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MIT staff blogger Chris Peterson SM '13

[guest post] Eating Your Way Through MIT by Chris Peterson SM '13

The story behind Chop Stir Hack, an MIT student food magazine

What follows is a guest post from the Chop Stir Hack team. CSH is a new MIT ASA group that publishes a semesterly food magazine. It grew out of MindHandHeart-funded initiative to make an MIT student cookbook to support students living in cook-for-yourself communities. As you’ll read below, Elizabeth ’13 and I were modestly involved at the beginning of that project because the How To Food admissions blogs functioned as prior art and proof of concept. I am so impressed by where the CSH team has taken this! 

People almost always stereotype college meals as ramen, cereal, and microwaved food. While this assumption does hold some truth, MIT actually has a quite vibrant food culture beyond this. Out of all the undergraduate residence halls, five (Maseeh, McCormick, Baker, Next, Simmons) require their residents to be on a meal plan. Every dining hall serves breakfast and dinner, with the addition of brunch on weekends and holidays. Maseeh serves lunch on all weekdays. On the flip side, there are cook-for-yourself dorms (Random, East Campus, MacGregor, New House). In these dorms, students have the liberty to choose to be on a meal plan or instead rely on other food sources such as groceries, instant meals, or takeout/delivery. Some cook-for-yourself communities, including some of the cultural houses in New House and some FSILGs, have their own meal plan where members take turns curating and preparing the dishes for each other. During IAP—when a decent portion of the student body stays on campus for sports, academics, or research—most students choose to brush up on their culinary skills or enroll in a lower commitment dining plan at Baker House. Outside of the residence halls, many FSILGs (Fraternities, Sororities, & Independent Living Groups) have internal meal plans, as mentioned above, or chefs that prepare meals for residents. Others have neither of these, and residents often choose to meal prep for the week or opt for simple, easy dishes to fit their busy schedule.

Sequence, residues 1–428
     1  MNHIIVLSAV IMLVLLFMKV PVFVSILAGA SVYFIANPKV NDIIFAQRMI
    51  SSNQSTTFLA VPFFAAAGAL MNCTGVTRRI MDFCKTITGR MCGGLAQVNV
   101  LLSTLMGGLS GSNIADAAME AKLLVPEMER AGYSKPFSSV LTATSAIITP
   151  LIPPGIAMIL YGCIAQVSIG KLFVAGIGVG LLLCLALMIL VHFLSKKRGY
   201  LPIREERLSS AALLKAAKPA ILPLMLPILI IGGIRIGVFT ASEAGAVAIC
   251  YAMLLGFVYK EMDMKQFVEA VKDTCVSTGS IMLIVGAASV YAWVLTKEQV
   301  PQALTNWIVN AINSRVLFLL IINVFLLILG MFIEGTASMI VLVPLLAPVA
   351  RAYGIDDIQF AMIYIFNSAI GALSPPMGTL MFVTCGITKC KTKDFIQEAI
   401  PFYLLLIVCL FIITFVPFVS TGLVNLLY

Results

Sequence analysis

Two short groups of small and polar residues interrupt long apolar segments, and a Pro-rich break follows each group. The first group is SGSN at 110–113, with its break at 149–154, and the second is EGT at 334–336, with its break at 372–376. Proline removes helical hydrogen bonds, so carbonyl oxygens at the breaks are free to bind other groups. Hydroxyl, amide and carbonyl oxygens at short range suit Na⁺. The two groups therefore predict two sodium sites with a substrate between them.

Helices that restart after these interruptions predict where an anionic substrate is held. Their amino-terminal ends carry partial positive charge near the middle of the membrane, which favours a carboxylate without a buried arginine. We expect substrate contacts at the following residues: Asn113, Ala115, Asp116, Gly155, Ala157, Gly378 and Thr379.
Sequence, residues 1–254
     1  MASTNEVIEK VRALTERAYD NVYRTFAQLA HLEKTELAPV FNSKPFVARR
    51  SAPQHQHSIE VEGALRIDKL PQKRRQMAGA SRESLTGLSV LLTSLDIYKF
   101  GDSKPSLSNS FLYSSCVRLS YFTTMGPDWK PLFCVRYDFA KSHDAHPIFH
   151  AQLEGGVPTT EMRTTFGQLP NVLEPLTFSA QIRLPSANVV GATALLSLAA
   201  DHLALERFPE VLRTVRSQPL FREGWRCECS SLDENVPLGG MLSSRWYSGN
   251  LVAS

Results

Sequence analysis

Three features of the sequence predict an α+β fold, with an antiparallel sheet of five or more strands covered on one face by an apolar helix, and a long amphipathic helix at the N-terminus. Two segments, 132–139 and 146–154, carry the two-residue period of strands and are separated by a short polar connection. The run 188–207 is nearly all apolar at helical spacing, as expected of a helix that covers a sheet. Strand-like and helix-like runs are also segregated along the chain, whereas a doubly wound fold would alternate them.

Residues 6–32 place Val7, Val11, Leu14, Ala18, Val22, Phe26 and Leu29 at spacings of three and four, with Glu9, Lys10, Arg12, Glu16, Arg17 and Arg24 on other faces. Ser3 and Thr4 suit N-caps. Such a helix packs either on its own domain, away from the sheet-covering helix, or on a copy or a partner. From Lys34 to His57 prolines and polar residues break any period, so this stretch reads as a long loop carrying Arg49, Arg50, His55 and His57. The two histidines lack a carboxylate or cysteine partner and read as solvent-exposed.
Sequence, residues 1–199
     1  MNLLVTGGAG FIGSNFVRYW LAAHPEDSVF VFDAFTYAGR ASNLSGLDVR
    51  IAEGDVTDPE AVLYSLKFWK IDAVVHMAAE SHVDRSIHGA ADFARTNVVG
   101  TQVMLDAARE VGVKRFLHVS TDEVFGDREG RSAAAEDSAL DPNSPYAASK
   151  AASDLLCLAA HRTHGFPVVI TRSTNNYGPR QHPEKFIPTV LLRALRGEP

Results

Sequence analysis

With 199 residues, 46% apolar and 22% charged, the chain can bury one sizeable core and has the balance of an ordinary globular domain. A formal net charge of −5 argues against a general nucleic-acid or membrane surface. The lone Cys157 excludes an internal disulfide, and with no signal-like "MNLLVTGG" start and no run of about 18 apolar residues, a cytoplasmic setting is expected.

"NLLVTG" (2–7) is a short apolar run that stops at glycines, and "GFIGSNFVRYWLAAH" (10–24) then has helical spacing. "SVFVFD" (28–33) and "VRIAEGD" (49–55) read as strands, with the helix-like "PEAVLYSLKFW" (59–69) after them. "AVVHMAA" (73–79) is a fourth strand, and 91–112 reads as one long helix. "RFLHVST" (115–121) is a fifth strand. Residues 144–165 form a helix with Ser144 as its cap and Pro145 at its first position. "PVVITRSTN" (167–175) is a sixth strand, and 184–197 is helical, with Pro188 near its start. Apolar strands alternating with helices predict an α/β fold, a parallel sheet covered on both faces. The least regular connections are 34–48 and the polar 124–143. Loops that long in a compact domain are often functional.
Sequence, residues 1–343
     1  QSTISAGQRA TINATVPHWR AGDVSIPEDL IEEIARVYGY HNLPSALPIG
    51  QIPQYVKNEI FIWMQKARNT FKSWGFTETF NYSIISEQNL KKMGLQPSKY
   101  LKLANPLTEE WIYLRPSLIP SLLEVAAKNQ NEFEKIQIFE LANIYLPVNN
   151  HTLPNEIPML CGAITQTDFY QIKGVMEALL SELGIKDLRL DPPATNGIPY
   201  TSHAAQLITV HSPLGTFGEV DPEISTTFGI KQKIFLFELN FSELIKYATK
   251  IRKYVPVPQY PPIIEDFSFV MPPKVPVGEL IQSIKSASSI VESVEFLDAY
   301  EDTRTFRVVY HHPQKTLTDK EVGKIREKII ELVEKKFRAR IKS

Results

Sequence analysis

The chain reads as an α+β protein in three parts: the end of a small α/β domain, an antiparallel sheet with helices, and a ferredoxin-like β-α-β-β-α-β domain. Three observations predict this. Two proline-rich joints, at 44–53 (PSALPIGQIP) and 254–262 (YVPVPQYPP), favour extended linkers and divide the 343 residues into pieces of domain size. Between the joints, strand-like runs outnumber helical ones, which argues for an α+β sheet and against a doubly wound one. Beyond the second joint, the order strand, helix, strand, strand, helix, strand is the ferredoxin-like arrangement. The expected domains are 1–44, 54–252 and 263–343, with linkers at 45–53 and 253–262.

Because of the wide range of cooking and eating styles ranging from surviving on Soylent to masterchef-level cooking to eating at a dining hall to popping some popcorn, it suffices to say that MIT has more than just one culture when it comes to food and cooking. Chop Stir Hack, MIT’s food magazine, was founded with the vision of showcasing this unique aspect of MIT culture. The group was founded in fall 2018 with an idea from Petey and a team assembled by him and Megan Fu (‘19). One of our original goals was to highlight MIT’s cooking culture for students, both current and prospective, something we continue to do today.